Licensing powers.

Such powers are vested in the fisheries authorities (Cl 15).  However, the Secretary of State can make regulations that control licensing across the UK.  Such regulations can only be adopted with the consent of the DAs. This is intended to balance the devolved settlement with the need for consistent rules across the UK. The DAs can issue licences for foreign vessels for fishing in their respective waters (cl 17).  Such licences only apply to those waters.  For example, a Scottish licenced EU flagged fishing vessel could not fish in waters subject to regulation by the NI department.  However, a Scottish flagged British vessels could exercise licence rights in NI waters.  The Delegated Powers and Regulatory Reform Committee commenting on the last version of the Bill (which is virtually the same as the present version) suggest this will provide a degree of transparency in licencing regulation.  The Law Society of Scotland take the view this replicates the status quo – that a licence issued by a UK Fisheries administration will be effective throughout UK waters” for British boats.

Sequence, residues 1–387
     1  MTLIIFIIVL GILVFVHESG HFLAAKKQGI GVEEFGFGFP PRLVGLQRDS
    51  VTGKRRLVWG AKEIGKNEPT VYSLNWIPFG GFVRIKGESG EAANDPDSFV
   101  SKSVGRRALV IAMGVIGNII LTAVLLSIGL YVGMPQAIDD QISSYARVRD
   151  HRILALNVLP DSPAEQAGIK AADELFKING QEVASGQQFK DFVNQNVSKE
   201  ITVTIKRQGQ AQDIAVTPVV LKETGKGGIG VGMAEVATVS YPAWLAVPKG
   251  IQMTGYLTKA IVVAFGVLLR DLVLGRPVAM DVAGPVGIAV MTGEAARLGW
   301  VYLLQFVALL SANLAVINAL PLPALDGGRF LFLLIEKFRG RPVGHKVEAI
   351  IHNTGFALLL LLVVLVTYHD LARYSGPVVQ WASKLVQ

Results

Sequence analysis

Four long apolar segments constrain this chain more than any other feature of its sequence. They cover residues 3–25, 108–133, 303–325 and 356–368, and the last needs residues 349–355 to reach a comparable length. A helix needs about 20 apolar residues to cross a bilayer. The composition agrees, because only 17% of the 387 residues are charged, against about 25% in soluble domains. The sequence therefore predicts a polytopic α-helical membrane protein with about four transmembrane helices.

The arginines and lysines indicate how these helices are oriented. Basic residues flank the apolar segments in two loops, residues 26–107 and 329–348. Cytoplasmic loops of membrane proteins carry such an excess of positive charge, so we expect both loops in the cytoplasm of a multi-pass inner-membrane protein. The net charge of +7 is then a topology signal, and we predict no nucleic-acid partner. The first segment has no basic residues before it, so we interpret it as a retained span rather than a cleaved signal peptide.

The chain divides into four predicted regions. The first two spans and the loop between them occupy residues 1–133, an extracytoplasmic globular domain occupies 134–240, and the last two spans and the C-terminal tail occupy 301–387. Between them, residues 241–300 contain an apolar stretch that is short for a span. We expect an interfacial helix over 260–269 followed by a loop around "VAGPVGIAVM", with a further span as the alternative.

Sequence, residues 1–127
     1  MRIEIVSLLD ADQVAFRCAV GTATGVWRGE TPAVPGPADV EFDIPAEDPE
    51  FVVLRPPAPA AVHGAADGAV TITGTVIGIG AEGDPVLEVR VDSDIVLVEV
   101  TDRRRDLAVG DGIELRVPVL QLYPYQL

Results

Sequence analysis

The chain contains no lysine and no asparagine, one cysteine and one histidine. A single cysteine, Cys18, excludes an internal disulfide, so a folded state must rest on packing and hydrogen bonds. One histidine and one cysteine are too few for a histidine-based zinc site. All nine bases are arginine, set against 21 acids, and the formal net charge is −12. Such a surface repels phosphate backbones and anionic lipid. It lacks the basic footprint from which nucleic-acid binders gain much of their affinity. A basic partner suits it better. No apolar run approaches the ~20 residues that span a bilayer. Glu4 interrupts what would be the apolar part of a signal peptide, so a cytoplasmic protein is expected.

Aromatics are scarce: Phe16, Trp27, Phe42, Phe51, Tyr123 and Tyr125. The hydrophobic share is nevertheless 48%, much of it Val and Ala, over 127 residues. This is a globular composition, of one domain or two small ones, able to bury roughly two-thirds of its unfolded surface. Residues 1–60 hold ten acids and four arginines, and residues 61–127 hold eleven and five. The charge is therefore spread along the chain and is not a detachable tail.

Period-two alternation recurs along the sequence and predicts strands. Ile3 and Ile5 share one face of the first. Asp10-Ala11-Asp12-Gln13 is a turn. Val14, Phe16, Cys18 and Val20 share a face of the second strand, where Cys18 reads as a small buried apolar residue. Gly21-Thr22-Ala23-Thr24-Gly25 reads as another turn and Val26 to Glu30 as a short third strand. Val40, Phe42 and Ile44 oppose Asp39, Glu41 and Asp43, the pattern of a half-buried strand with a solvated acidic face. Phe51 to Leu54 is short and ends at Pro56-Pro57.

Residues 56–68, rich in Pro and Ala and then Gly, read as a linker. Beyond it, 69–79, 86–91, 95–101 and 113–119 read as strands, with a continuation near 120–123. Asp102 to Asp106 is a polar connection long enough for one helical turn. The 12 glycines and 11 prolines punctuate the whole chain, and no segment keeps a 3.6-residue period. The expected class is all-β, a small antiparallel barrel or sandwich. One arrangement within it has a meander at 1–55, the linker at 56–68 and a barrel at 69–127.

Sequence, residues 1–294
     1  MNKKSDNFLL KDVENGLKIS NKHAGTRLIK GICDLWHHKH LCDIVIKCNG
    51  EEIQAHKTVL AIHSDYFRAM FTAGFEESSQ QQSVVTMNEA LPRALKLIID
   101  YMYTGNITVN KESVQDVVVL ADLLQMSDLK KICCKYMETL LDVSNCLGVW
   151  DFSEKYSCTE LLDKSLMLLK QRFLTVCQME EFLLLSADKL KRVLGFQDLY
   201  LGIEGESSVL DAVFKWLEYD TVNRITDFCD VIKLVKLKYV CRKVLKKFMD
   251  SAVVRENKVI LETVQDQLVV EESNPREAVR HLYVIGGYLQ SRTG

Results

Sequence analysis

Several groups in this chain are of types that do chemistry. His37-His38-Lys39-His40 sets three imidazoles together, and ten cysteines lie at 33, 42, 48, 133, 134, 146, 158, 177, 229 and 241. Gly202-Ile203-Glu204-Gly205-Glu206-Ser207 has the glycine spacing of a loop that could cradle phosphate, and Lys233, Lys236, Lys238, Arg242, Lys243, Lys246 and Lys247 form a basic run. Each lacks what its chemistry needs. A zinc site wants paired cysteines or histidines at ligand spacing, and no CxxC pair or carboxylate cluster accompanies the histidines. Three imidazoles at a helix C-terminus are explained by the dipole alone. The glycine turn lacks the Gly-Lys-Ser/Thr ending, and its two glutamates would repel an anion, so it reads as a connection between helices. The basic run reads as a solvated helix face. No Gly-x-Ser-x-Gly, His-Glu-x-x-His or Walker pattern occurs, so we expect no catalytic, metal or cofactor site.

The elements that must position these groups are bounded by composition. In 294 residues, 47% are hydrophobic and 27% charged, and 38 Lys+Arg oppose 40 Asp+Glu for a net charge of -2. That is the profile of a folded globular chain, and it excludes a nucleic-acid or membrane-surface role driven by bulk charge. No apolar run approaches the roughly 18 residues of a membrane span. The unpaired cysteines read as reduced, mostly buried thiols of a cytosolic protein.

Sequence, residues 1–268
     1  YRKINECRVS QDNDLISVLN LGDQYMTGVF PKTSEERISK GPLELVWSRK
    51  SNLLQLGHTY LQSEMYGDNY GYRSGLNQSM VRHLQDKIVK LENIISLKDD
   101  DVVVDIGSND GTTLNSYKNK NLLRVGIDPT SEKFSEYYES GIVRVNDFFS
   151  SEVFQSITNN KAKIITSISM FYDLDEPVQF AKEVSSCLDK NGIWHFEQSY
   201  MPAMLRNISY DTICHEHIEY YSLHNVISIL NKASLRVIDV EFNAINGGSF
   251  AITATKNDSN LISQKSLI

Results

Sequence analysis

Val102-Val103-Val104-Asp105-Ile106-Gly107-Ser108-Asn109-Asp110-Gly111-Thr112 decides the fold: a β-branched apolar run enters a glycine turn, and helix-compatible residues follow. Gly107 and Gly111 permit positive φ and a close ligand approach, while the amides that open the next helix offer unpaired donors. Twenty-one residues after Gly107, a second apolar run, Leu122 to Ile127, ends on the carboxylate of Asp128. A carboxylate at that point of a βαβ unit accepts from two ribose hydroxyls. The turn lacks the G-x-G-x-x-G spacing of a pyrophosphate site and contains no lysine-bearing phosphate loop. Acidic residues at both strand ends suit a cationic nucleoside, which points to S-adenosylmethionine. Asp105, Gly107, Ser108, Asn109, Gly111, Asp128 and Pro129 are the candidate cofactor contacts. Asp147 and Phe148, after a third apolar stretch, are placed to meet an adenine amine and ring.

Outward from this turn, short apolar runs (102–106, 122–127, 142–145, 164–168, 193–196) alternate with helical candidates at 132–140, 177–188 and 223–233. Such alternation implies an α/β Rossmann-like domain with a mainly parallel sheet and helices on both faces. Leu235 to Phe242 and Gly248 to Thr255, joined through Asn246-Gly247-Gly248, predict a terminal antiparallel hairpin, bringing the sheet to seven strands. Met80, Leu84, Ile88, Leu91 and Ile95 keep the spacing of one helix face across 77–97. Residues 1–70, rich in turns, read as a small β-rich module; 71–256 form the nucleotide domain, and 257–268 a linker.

Powers to impose charges for carrying out administrative functions is established under cl 34 (And Schedule 7).  This includes setting fishing quotas; ensuring that commercial fishing activities are carried out lawfully; registration of buyers and sellers of first-sale fish; and issuing catch certificates for importing and exporting fish.

A potentially difficult issue is the way in which powers to regulate over international aspects of fisheries is balanced with the devolved management of fisheries. This is covered by Cl 26-42.